The story began there with my main character, Larisa, taking a crowbar to the house wallpaper in an effort to discover the source of an apparent leak. She’s recently purchased a wedding dress on a whim though she has no groom. She’s grappling with her mother’s failing health and as the novel progresses, she perpetuates the rumor that she’s getting married. As Larisa rips into the wall with the crowbar, she is in a state of disillusionment and confusion; she’s not thinking clearly. In short, she’s not quite herself. I recognized this state as it was something I deeply felt when I was grappling with my own mother’s illness and then subsequent death from breast cancer. As I began to delve into the writing, the story of Larisa’s deceptions became a vehicle to explore the feelings of loss of identity, disorientation, and confusion that consumes a child (even an adult child) who becomes a caretaker of an ailing parent.
There was something about this book that really meshed for me from the beginning. I found myself thinking about it constantly and frequently coming across new ideas or images to incorporate. As I developed the scenes with the wallpaper, I realized I really needed a photo of it so I called the inn to get one. Turns out, they were replacing the wallpaper in the dining room, but they had some leftover rolls of it, so I was able to get a few large sheaths. Now I have a large, framed scrap of the wallpaper hanging in my office.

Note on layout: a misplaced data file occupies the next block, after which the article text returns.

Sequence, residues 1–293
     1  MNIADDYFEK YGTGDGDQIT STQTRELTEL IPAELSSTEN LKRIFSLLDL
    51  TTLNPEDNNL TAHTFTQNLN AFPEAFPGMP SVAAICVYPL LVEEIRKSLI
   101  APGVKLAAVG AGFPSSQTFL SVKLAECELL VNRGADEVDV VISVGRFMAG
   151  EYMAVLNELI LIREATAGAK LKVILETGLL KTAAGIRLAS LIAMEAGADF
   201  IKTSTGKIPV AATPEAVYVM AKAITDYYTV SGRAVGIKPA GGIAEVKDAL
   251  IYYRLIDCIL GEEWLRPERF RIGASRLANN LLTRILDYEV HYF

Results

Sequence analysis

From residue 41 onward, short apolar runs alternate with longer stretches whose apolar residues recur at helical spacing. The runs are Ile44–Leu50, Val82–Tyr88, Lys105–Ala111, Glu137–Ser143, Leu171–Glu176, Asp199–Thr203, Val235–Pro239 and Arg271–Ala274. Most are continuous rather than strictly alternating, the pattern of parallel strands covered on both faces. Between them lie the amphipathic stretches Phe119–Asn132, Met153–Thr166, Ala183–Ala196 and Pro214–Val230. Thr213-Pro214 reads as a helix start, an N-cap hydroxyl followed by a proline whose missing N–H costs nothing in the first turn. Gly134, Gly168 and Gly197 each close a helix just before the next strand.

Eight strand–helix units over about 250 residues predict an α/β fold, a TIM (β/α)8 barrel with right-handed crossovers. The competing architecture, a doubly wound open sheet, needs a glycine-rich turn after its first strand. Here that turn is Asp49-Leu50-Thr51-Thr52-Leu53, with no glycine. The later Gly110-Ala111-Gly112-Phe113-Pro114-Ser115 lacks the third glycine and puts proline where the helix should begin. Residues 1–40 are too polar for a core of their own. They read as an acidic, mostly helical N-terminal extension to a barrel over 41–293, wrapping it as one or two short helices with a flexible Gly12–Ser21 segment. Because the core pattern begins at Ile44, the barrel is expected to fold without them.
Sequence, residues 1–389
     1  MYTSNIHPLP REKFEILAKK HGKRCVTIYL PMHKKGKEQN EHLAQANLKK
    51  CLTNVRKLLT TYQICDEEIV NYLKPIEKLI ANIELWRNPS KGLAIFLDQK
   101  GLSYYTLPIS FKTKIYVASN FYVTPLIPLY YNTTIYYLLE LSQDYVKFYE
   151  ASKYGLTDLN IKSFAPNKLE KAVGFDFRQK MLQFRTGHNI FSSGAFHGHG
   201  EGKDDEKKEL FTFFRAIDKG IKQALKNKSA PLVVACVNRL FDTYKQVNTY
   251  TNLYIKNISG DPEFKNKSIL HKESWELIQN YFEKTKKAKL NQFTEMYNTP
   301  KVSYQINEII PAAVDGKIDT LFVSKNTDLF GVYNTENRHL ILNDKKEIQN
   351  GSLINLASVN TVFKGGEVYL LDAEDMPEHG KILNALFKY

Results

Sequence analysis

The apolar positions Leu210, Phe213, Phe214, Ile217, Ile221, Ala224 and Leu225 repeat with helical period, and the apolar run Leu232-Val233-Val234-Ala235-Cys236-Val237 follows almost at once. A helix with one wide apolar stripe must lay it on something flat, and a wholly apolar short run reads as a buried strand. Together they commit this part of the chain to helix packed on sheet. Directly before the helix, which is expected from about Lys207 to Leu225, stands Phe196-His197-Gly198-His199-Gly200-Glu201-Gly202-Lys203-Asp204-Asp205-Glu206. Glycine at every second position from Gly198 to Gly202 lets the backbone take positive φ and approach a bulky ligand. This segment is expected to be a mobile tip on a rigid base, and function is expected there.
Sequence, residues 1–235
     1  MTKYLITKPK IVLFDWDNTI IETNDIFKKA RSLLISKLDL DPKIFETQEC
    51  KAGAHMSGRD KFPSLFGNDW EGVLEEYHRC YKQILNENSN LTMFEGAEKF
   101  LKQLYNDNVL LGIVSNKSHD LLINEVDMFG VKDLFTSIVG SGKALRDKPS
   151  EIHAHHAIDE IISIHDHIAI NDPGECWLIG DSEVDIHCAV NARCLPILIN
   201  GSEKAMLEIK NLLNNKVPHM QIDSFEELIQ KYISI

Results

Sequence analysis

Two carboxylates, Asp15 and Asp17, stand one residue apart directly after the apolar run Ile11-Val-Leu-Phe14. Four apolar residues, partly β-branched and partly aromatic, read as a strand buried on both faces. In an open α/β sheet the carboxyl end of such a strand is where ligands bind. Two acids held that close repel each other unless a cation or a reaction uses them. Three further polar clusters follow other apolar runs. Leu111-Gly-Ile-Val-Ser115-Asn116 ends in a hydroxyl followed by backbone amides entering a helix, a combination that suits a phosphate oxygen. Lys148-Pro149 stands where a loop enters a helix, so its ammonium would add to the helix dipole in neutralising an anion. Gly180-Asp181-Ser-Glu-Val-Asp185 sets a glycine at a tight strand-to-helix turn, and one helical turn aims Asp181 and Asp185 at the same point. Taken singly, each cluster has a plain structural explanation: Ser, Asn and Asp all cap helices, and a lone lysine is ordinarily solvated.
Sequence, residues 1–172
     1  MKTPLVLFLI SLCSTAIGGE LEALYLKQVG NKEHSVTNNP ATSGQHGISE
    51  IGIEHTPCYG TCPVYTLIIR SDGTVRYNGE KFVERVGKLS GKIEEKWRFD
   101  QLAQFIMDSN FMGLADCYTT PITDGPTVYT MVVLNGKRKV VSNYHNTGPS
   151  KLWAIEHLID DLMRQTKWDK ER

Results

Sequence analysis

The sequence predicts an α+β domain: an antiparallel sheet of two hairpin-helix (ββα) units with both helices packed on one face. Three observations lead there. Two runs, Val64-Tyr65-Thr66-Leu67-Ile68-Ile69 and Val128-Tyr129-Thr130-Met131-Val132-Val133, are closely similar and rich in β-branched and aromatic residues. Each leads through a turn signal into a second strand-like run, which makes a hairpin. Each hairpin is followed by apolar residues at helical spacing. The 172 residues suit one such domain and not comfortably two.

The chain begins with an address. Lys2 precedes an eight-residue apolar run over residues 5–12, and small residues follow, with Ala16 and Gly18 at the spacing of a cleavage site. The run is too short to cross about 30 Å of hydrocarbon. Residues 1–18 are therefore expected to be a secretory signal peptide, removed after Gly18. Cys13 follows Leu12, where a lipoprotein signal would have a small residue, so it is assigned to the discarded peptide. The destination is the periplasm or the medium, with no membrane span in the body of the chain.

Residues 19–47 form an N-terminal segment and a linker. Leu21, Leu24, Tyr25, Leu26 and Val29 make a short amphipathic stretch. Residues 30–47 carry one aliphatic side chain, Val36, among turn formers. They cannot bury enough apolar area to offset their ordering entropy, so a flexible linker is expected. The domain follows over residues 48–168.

Early on in the book, Larisa thinks to herself that she has “become the wrong person.” I feel like this is something we’ve all thought at least once. Do you think that she ever feels like she becomes “the right person” or more that there is no such thing as the right person?
In the moment when Larisa thinks this, she’s a bit ashamed of the person she’s become, of how she’s been acting lately. Later in the book, she realizes that she has diverged from the person she thought she was in part because of the impact of her mother’s illness. She’s always thought of her mother as one of the beacons in her life, as one of the coordinates by which she defines herself. But if her mother ceases to exist, then who is she, Larisa wonders. Eventually, she realizes, that she needs to face her vulnerabilities and to some extent redefine herself. I don’t know that she ever really becomes “the right person” but she learns that she needs to have some agency in the reclaiming of herself.